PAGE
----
The Hongkong and Shanghai Banking Corp. (HSBC) has raised its Philippine growth forecast for the full year 2016 as the country exceeded expectations about the third quarter gross domestic product (GDP) results.
The global banking giant revised its growth forecast for the year to 6.8 percent from 6.5 percent this year, according to a report penned by HSBC economist Joseph Incalcatera.
As measured by the GDP, the economy grew by 7.1 percent in the third quarter of the year, the fastest among major Asian emerging markets, and beating median expectation at 6.8 percent.
Growth story intact
In the next two years, HSBC placed the GDP to grow by 6.5 percent citing the high base of 2016.
"The growth data show that the Philippine growth story remained intact in the third quarter," Incalcatera said.
"The 7.1 percent year-on-year expansion in the third quarter is Asia’s strongest Q3 print to-date, and points to the resilience of the Philippine economy in a soft global growth environment," he added.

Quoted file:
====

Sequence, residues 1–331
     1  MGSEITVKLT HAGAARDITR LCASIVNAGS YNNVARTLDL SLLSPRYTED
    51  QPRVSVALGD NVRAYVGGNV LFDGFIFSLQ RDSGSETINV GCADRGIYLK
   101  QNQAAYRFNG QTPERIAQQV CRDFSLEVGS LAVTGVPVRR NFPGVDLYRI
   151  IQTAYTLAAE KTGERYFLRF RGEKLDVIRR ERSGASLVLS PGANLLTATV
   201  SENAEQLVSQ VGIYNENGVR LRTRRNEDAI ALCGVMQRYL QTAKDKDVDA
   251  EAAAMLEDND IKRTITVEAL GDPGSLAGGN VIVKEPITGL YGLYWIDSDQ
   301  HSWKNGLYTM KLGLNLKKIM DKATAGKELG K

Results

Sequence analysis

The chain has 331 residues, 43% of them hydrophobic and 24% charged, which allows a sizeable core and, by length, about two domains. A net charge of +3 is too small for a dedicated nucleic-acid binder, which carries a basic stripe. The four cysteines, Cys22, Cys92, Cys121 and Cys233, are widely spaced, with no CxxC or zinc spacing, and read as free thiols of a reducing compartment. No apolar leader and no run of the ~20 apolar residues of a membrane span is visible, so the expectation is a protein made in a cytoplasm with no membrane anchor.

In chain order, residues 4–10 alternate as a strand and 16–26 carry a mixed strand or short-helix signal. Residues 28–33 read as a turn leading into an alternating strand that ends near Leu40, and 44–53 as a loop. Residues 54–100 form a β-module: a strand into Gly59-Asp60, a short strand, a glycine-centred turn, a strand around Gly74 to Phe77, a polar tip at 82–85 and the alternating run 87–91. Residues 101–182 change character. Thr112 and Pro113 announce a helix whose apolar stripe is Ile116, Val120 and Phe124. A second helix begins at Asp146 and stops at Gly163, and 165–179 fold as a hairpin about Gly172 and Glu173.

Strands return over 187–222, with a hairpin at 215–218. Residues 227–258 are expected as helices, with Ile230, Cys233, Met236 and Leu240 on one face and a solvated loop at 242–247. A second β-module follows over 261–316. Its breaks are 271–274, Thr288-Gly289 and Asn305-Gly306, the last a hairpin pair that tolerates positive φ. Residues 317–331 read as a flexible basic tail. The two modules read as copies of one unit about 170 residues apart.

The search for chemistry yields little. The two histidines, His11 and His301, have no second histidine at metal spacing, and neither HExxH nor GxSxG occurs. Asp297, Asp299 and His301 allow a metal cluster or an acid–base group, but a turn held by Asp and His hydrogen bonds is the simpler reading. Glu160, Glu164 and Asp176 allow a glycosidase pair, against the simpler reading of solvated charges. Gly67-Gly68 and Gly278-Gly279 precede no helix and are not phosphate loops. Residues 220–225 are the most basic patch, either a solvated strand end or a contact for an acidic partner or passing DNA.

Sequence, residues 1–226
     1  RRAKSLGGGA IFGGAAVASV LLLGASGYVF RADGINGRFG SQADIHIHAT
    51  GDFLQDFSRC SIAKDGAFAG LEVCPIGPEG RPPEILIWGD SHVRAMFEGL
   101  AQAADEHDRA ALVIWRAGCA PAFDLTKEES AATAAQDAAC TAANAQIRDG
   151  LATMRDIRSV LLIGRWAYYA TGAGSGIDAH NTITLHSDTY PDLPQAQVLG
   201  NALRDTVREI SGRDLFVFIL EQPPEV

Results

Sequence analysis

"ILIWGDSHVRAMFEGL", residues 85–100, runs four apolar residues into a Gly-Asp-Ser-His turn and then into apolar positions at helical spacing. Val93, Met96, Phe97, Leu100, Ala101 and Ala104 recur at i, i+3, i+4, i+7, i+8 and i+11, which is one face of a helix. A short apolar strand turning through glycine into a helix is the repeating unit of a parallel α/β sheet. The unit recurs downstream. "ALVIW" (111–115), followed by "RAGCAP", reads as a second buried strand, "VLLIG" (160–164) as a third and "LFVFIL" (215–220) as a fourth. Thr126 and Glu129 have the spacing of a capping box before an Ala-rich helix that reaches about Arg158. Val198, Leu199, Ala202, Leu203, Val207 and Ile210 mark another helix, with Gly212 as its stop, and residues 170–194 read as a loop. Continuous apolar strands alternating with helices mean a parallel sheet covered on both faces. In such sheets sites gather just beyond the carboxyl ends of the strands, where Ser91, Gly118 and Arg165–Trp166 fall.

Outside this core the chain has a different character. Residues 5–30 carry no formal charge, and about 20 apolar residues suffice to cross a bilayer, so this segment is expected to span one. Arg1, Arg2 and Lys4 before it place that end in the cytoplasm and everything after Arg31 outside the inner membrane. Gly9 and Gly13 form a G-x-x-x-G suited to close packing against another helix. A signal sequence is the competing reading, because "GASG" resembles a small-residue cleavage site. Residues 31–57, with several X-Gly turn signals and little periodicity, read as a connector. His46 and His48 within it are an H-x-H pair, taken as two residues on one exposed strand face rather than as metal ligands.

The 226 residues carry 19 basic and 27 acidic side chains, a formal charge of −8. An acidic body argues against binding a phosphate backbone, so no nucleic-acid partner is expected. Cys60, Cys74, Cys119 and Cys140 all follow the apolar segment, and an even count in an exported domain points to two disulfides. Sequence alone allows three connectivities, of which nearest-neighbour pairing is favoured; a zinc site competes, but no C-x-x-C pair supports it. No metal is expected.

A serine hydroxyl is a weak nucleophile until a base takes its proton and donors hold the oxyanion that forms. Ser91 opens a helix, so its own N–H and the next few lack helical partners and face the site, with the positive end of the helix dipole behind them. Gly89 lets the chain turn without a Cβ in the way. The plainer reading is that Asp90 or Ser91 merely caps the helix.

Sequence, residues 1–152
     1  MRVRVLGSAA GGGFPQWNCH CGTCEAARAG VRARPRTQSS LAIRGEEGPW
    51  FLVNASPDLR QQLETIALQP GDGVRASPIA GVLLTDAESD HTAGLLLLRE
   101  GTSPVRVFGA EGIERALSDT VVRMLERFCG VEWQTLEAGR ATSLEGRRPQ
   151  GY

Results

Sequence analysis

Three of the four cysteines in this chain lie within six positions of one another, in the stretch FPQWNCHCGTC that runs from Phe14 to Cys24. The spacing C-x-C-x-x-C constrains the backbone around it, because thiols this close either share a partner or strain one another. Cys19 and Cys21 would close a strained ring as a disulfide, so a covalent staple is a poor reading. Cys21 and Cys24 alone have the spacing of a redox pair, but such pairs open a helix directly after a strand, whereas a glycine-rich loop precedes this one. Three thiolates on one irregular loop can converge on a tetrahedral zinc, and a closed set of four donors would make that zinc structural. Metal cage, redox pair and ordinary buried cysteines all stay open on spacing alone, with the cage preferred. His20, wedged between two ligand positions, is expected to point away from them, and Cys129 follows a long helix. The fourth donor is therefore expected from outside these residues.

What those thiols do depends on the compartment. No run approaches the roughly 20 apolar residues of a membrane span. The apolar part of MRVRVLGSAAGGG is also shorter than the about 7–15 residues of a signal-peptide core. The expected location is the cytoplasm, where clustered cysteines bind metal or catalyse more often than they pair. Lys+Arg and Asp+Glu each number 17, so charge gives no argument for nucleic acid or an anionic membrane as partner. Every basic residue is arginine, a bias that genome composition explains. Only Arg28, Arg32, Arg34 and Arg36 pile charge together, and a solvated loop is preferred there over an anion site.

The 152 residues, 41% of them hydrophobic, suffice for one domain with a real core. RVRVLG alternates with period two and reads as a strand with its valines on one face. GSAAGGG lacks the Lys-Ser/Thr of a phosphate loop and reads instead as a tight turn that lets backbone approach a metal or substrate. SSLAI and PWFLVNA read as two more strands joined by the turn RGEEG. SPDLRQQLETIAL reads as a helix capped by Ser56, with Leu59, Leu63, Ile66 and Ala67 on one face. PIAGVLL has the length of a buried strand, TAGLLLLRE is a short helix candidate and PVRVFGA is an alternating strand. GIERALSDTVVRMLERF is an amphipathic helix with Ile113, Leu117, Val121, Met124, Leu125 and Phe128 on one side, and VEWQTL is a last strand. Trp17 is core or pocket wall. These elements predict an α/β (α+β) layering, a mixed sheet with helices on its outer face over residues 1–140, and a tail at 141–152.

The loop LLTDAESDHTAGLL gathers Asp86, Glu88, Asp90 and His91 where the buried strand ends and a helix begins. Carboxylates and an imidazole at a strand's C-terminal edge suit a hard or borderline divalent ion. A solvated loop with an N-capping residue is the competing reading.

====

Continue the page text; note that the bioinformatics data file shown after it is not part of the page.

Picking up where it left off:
The HSBC economist noted the government is tracking well within its 6 to 7 percent full-year target as the economy expanded by 7 percent during the first nine months.
Asian Institute of Management economist Emmanuel Leyco is forecasting a higher trajectory for the whole of 2016.
"I think it would be more like 6.9 percent assuming that the last quarter would remain on the high spectrum," Leyco said on Friday.
In the HSBC report, Incalcatera took note the election of Donald Trump as President of the United States introduces some risks to growth due to the likelihood of protectionist policies.
"But we believe risks to the Philippines are manageable and more limited than elsewhere. The biggest risk comes from the BPO (business process outsourcing) sector, which employs approximately 1.2 million Filipinos and earns roughly 70 percent of revenues from the US," he said.
Leyco earlier noted the BPO industry might suffer economic headwinds from a Trump presidency if he starts taking steps to fulfill his campaign pronouncement of imposing taxes on US companies that outsource jobs abroad.
Incalcatera, however, said the risks may be mitigated because there is little direct competition with American workers and President Rodrigo Duterte appears to have struck a more conciliatory tone concerning future cooperation with the US. — VDS, GMA News